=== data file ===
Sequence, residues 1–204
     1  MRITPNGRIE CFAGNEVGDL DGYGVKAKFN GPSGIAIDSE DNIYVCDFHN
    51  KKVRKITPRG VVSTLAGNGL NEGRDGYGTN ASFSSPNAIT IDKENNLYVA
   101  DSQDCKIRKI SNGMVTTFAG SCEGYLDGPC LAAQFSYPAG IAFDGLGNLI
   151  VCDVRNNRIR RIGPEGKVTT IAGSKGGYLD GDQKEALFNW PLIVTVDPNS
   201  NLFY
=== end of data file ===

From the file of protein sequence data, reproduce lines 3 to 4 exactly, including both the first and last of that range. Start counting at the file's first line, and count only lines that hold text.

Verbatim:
    51  KKVRKITPRG VVSTLAGNGL NEGRDGYGTN ASFSSPNAIT IDKENNLYVA
   101  DSQDCKIRKI SNGMVTTFAG SCEGYLDGPC LAAQFSYPAG IAFDGLGNLI